Rocket Lab has announced that its rocket will launch a hypersonic drone into a suborbital trajectory. It was made on the order of the American military by the Australian company Hypersonix. The flight will be demonstrative and will take place in 2025.
Rocket Lab to launch hypersonic drone
The American company Rocket Lab is known as a provider of services for launching various cargoes into orbit. Recently, its representatives announced their readiness to send a hypersonic drone built by the Australian company Hypersonix on a suborbital flight.
The launch is scheduled for 2025 from Launch Complex 2 on Wallops Island. It will take place using a version of the Electron rocket, which is called Hypersonic Accelerator Suborbital Test Electron, or HASTE. It is specially designed to launch hypersonic vehicles.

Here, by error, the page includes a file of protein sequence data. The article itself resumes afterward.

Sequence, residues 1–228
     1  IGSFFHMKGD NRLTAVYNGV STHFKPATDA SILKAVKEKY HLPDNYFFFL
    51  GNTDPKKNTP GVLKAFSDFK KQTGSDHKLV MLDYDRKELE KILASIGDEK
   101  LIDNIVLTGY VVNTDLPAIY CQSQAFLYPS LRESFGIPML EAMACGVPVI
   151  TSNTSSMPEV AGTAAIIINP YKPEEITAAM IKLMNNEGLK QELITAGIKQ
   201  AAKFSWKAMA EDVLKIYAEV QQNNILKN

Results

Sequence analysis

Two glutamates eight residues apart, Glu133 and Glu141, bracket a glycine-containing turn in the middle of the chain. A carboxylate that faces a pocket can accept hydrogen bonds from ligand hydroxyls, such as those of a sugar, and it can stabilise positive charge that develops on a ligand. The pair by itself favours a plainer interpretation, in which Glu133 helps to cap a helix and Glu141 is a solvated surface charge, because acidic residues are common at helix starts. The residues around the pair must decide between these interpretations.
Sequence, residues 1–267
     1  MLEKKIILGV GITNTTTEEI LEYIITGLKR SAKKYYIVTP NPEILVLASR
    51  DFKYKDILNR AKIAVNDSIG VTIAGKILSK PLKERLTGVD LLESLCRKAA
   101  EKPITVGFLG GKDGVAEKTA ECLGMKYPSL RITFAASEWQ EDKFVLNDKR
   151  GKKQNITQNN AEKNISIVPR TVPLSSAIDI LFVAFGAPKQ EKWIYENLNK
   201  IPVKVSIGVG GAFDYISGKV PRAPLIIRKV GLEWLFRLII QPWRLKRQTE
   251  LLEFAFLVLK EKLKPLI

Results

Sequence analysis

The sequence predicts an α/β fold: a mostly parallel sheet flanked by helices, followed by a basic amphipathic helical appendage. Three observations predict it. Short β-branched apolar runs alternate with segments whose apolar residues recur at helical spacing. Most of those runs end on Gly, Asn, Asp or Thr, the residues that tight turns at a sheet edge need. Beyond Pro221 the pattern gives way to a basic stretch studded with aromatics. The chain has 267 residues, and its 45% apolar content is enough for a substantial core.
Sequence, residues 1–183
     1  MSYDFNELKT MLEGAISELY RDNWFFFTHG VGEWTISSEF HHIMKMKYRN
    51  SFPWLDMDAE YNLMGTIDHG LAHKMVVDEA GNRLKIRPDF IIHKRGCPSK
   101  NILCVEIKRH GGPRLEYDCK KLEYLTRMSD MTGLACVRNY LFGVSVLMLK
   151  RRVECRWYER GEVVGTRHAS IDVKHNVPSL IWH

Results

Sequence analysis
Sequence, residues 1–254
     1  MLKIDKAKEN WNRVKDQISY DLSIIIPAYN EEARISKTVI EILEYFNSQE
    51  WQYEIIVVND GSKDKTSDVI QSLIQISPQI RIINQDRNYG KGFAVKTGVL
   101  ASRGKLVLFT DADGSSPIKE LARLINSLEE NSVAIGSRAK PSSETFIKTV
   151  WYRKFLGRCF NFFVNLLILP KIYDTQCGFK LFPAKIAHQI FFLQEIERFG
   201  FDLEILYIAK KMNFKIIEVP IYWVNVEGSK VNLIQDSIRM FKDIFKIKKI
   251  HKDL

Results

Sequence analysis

The drone has a weight of 300 kg and a size of 3 m. Its body is printed on a 3D printer. The flight should be a test, but no details about it are reported because the customer is the American military.
Why the US military is interested in hypersonic drones
The interest of the US military in vehicles capable of flying at speeds much higher than sound is not accidental. Both Russia and China are developing such vehicles, since it is extremely difficult to intercept missiles or reconnaissance aircraft based on them by air defense.
That is why the Office of Defense Innovation of the US Department of Defense has created a program for the development of these HyCat vehicles. This organization is specifically based in Silicon Valley to be closer to startups that can implement these ideas.
The HASTE rocket is one of the results of this program. It was already launched in June of this year, and the launch was so successful that 4 more were already ordered for 2024 and 2025. As for the hypersonic drone project, in addition to Rocket Lab and Hypersonix, Fenix Space is also involved in it — a California startup that has developed a reusable platform that can be tugged.
According to spacenews.com
Follow us on Twitter to get the most interesting space news in time